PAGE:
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* Slovenia's yields jump on political uncertainty
* Fitch upgrade of Spain drives Spanish yields lower
* Economic fundamentals of euro zone peripherals improving
By Emelia Sithole-Matarise
LONDON, April 28 Slovenian bond yields rose
sharply on Monday after Prime Minister Alenka Bratusek lost the
leadership of her ruling centre-left party, threatening the
Bratusek lost the leadership of Positive Slovenia to Zoran
Jankovic, the mayor of Ljubljana. But the party's three
coalition partners have said they will not cooperate with
Jankovic, who is under investigation for corruption.
Elsewhere in the market on Monday, Spanish 10-year yields
slipped back towards 8-1/2-year lows after Fitch upgraded
Spain's ratings against a backcloth of generally improved
appetite for the debt of euro zone peripheral economies.
However, the fall of Slovenia's government and early
elections would slow efforts to improve the economy of the tiny
ex-Yugoslav republic, which has been showing tentative progress.
Slovenian bonds underperformed the euro zone market, with
10-year yields jumping 22 basis points to 3.91
percent in early trade.
"The market clearly doesn't like it when you have volatility
in the government, especially for a country like Slovenia where
there's a lot to do," said ING strategist Alessandro Giansanti.
"We expect in the short term the risk of having a political
crisis will result in some widening in Slovenia spreads,
especially for a country that has been performing well over
Like other peripheral countries, Slovenia has seen its
borrowing costs fall sharply this year, with 10-year yields
falling back to 2007 lows as investors regain confidence in the
euro zone region as fears about its debt crisis ebb.
Slovenia only narrowly avoided needing an international
bailout a few months ago, but its banks still face problems that
could drag on if the political situation deteriorates.
"Whilst we do not see this as a credit blow-up event, we
think the bonds should trade meaningfully wider, perhaps by as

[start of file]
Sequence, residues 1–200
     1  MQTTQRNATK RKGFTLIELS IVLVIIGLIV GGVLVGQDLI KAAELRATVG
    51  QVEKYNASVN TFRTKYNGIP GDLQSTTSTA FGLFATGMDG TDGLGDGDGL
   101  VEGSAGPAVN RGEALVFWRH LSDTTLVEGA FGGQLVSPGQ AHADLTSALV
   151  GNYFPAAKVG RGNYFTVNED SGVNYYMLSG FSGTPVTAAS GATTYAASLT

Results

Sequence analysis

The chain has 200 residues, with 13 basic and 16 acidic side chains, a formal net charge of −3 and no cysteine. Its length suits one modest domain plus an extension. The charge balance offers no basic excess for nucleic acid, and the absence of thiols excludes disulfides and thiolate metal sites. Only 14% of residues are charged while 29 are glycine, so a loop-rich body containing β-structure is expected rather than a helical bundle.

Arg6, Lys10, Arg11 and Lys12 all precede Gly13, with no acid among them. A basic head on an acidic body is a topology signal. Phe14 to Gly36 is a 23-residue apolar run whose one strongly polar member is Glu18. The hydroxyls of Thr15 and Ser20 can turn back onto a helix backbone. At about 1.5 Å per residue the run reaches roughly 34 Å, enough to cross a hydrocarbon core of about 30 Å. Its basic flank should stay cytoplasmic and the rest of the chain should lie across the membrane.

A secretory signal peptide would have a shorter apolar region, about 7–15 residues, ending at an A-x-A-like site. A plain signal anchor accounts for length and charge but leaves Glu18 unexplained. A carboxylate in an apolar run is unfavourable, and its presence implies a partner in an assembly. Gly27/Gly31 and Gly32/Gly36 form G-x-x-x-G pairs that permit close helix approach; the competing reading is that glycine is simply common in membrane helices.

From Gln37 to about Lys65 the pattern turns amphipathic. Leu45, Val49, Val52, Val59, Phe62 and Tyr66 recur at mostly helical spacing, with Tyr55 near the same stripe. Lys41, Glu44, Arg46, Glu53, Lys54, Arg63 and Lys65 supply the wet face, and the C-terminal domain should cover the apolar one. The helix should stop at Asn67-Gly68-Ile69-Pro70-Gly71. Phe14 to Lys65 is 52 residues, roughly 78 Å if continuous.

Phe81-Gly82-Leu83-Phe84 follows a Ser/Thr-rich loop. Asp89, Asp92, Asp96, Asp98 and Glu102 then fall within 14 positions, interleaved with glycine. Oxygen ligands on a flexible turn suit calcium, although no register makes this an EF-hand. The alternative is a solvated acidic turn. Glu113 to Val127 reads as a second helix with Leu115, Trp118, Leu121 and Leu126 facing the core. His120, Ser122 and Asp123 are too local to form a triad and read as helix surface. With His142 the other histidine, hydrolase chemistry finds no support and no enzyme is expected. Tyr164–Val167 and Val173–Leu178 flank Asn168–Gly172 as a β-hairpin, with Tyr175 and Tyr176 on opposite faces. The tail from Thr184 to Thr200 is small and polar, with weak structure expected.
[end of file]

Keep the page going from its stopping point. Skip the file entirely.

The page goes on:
much as 50 basis points," RBS strategists said in a note.
"We now attach an 80 percent probability that the government
breaks down and Slovenia is forced down the road of early
elections," they said.
FITCH BOOSTS SPAIN
Fitch lifted Spain's outlook by one notch to BBB+ after the
market close on Friday, three notches above sub-investment
grade, saying the country's financing conditions had improved
and the economic outlook was less certain.
On a day of scheduled credit reviews by the ratings
companies, Fitch had earlier improved the outlook on Italy,
which along with Spain were two years ago at the forefront of
the region's debt crisis. S&P also raised its rating on
bailed-out Cyprus, suggesting the recovery was spreading to the
peripheral states left most exposed to the financial crisis.
Spanish 10-year yields fell 2 basis points to
3.07 percent, not far from an 8-1/2-year low of 3.04 percent hit
last week. Equivalent Italian yields were a touch up
at 3.12 percent but stayed within reach of a record low of 3.07
percent plumbed a week ago.
"It (the Fitch ugprade) is confirmation of what the market
has already seen in the last few months reflected in the sharp
rally in peripherals," said ING's Giansanti.
"Underlying fundamentals for the peripheral countries in
general are improving, economic growth and fiscal policy are
improving, so the market is more confident that the current
governments of peripheral countries are more reliable than in
the past in keeping public finances under control."
The European Central Bank's looser monetary policy has
encouraged investors hunting for higher returns to bet on
recovery in countries worst affected by the debt crisis.
The markets' focus this week will be on euro zone inflation
data, which could determine whether the ECB takes measures as
early as next week if inflation undershoots forecasts.
(Editing by Gareth Jones)